10th grader educates leaders on power of data

Jennifer Fernandez, sophomore at Renton Prep, copresented about power of data at STEM Summit 4.0.

Jennifer Fernandez is a shy and quiet 10th grader, but her resume suggests that she’s anything but shy.

Fernandez, a student at Renton Prep Christian School, has presented at various conferences, including SXSWedu, International Society for Technology in Education, Northwest Council for Computer Education, Emerald City Comicon, Learning Counsel at the T-Mobile Headquarters, and the Ninth Workshop of the Impact of Pen and Touch Technology on Education.

Most recently, she attended STEM Summit 4.0, a conference in New York that focused on the power of data.

Fernandez and Michelle Zimmerman, director of innovative teaching and learning sciences at Renton Prep, copresented their findings on integrating data from analytics to advance education and better prepare students.

“[The summit’s] goal was to get some of the heavy-hitters of education to come together to speak on some of the innovative topics and start conversations,” said Zimmerman. “Their focus was on data and power of data. So they wanted to look at not only research and data that comes from research, but also what it looks like in the classroom if this is for STEM education, and how it translates into actual classroom instead of staying just as theory.”

Renton Prep’s STEM-based program has earned them national recognition when they were selected by the 2016 Future of Education Technology Conference advisory board to be one of the three best middle schools with STEM programs in the country.

As part of their curriculum, students heavily use various online tools to for their research-driven education. They then study the available analytics to better shape their future projects.

“We publish a lot of our projects online,” said Zimmerman. “What’s great about the internet is that it gives you analytics. We use those analytics to figure out what works best and how to make things more appealing to people and more interesting… [Students] started building them as digital portfolios so they can use them when they go to internships, college or careers.”

The summit invited Zimmerman to share about how the school was helping students harness the power of data online to shape engaged learners, then asked if she could add a student perspective to the presentation as well.

“Because of some that background and the experience [Fernandez] has, they looked at her background and some of the project she has done, and said that was the perfect voice they wanted,” she said.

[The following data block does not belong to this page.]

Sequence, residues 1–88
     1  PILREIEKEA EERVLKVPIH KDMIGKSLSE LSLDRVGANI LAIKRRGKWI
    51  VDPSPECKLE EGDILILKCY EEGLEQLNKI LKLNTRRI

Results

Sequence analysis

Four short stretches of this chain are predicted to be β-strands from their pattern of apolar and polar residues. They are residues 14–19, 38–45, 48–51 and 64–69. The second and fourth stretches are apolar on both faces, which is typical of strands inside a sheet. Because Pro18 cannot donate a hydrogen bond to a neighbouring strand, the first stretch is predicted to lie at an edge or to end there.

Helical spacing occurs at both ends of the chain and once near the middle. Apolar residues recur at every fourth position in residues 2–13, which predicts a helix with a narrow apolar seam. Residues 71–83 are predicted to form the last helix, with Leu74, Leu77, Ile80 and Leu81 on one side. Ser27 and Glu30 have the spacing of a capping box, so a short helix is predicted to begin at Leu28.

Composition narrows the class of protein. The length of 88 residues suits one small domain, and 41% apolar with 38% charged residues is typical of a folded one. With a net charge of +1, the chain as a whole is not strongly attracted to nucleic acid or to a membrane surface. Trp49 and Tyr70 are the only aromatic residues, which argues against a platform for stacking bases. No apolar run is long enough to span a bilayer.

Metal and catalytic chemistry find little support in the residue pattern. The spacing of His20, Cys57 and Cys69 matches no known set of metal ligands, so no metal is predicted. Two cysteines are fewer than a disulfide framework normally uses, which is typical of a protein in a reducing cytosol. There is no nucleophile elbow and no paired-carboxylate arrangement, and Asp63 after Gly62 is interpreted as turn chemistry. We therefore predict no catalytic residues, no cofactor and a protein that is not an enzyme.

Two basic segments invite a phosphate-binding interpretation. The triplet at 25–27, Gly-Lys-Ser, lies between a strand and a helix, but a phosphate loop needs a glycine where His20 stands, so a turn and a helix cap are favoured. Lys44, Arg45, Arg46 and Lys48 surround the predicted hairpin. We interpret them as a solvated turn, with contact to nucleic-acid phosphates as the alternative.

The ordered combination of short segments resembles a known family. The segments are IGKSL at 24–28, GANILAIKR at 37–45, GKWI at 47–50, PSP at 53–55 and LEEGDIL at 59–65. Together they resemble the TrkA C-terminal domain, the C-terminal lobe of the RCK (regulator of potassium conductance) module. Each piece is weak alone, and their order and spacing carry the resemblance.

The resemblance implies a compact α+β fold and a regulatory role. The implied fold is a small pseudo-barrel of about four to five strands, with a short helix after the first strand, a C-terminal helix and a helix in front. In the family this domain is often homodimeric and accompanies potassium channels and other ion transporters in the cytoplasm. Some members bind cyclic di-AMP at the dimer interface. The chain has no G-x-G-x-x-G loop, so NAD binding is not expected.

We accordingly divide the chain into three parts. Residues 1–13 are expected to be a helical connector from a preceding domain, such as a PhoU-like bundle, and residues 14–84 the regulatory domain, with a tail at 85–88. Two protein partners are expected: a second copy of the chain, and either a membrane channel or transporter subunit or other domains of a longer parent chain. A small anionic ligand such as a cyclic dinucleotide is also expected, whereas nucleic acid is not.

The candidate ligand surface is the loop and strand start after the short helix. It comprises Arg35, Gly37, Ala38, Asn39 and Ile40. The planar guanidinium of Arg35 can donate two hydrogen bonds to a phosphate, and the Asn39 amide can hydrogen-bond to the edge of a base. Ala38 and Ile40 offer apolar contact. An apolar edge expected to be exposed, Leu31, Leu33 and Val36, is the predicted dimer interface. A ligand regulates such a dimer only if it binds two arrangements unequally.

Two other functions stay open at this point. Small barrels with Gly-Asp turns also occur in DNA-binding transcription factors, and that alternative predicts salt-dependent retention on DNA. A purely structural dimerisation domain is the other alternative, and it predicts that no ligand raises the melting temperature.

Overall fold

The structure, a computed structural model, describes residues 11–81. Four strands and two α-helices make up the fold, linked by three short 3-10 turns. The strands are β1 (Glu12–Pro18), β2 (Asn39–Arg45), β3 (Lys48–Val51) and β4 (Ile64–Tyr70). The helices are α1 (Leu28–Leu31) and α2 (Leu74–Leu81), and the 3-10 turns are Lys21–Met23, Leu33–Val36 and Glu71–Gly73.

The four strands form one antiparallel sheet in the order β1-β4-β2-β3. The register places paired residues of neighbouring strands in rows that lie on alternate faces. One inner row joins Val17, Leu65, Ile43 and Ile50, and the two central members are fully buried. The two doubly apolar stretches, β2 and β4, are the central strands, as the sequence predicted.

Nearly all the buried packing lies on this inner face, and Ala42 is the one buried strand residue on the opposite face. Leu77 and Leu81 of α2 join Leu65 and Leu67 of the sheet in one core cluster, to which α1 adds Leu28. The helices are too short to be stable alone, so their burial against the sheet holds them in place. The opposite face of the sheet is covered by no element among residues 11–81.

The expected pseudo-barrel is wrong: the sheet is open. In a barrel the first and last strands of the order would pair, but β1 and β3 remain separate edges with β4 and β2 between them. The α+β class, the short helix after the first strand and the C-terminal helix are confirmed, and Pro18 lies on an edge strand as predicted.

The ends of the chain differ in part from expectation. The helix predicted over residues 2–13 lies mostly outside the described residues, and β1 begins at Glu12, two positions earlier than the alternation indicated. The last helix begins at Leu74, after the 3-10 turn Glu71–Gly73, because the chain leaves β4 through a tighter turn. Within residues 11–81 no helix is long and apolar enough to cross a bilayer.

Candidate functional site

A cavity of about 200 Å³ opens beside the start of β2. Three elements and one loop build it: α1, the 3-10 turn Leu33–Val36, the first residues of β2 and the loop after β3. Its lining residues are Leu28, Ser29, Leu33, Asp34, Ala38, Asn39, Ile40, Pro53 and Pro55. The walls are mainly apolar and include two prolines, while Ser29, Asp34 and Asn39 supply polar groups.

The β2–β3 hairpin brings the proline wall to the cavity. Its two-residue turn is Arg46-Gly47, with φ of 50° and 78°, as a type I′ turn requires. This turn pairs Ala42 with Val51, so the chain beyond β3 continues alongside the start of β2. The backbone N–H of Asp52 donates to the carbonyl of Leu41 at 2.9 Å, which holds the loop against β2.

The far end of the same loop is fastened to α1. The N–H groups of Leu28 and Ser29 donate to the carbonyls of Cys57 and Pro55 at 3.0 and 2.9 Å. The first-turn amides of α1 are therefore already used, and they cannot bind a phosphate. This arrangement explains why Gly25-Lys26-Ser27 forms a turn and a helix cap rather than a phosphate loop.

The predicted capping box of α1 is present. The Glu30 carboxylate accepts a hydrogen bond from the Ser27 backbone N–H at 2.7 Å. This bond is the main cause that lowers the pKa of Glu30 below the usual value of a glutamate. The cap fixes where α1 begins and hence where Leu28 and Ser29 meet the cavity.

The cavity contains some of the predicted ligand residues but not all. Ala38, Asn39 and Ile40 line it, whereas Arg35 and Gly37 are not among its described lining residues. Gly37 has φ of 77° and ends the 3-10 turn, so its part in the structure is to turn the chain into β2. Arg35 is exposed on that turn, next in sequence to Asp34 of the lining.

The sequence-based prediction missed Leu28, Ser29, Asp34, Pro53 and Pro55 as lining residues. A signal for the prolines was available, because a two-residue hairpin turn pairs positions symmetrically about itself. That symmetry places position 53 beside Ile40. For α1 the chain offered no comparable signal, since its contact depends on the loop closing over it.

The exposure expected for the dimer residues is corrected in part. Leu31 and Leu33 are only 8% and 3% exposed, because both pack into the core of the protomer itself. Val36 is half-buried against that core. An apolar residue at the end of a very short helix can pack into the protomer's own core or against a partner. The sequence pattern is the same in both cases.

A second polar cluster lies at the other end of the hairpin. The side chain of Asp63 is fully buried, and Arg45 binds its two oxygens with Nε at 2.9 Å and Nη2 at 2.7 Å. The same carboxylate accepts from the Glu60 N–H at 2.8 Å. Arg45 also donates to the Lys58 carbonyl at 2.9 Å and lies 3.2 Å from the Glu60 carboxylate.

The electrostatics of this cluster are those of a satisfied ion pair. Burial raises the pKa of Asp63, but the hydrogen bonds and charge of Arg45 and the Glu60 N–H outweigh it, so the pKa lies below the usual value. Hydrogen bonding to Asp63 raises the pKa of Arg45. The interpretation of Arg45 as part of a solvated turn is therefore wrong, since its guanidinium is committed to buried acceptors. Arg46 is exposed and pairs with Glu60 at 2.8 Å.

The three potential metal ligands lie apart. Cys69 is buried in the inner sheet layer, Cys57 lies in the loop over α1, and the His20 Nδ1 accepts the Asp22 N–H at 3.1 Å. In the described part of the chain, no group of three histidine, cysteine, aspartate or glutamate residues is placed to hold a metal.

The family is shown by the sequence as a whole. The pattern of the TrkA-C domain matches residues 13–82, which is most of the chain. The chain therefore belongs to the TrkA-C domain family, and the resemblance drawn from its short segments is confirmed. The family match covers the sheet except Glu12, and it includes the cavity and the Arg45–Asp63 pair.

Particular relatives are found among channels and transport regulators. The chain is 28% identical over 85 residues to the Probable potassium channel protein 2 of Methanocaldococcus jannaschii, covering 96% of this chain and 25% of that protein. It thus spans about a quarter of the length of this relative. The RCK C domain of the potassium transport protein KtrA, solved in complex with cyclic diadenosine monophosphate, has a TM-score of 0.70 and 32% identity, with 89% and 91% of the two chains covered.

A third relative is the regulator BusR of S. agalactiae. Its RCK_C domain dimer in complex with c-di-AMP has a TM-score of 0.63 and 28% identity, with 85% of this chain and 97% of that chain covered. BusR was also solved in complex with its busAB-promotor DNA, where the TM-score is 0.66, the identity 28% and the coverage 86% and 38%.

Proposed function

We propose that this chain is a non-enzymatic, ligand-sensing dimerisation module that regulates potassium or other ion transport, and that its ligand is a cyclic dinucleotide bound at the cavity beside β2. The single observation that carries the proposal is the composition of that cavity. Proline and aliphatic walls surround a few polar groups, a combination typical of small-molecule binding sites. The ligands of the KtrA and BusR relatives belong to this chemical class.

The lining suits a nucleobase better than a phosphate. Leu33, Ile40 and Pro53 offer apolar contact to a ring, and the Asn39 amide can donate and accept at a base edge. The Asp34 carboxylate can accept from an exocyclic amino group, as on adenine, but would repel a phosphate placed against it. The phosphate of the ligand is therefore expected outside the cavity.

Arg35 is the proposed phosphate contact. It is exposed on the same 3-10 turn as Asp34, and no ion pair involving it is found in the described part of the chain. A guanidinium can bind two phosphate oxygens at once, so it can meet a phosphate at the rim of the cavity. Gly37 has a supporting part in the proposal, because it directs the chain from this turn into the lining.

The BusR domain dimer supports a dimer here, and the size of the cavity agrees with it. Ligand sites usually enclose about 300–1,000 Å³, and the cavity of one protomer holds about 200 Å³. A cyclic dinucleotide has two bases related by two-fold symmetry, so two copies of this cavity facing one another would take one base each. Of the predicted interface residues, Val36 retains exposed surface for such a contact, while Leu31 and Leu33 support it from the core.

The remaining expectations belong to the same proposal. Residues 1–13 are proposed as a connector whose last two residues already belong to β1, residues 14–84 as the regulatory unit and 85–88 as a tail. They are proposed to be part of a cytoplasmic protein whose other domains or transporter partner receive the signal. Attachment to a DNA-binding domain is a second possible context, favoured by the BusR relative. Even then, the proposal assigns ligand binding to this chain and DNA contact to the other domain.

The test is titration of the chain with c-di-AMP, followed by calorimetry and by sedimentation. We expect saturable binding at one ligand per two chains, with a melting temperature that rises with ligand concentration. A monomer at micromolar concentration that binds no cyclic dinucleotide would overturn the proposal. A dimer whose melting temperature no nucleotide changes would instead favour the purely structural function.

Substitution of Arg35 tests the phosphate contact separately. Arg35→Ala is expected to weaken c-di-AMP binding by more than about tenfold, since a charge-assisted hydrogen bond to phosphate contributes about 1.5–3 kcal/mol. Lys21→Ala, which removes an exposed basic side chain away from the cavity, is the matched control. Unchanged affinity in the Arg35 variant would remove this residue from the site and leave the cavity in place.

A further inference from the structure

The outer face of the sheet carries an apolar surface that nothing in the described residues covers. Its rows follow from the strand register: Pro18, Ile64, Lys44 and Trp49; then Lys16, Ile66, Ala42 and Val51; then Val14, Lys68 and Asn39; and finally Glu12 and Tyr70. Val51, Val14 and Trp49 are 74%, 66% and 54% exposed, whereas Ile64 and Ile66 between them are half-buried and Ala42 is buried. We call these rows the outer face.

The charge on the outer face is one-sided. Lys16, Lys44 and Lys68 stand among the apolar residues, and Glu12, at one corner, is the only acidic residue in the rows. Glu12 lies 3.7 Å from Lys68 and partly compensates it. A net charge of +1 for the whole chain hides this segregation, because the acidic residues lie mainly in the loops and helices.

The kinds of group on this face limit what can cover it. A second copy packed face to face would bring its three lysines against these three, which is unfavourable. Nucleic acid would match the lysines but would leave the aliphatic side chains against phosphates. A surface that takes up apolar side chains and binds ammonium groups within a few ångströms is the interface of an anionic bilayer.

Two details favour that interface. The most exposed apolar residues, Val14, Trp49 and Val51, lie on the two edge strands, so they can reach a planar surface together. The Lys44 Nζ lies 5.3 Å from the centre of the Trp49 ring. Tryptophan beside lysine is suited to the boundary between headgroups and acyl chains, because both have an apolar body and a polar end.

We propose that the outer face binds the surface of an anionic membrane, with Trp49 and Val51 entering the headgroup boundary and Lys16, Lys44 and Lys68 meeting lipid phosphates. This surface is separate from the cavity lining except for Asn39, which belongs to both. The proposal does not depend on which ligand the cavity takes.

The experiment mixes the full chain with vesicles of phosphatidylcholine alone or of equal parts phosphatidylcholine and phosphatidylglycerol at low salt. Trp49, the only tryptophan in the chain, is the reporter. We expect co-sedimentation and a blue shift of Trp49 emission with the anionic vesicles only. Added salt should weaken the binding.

While Fernandez describes herself as shy, she said she didn’t feel nervous presenting since she’s done it before.

“It didn’t hit me that I was speaking to some of the top names in education,” she said. “I wasn’t expecting so many people to come up to me afterwards and talk about the presentation because I thought it was normal compared to everyone else on the stage. I guess they really liked having a student voice there.”

“They said it was the highlight of the event because it came from such a different angle than what they were expecting,” said Zimmerman. “At an event focused on data, you don’t typically think about students using technology to harness data to influence projects.”

Fernandez then explained the various projects she completed and how she used online analytics to improve on other projects. And yet, for a digital native who finds herself online constantly, Fernandez doesn’t see the internet as a quick escape or a time-wasting portal.

“There are some teenagers who post things or make videos to just to get views or be funny or get viral,” she said. “But if we use the internet in a way that has a good purpose — ours was an educational purpose — we are using the full potential of the internet to make the world a better place.”

While she doesn’t know what she wants to study in college, Fernandez admitted she was interested in 3D animation or physics engineering. Something relating to technology for sure, she added. But for right now, she’s focused on starting the running start program next year.

Reach Leah Abraham at 253-678-3148.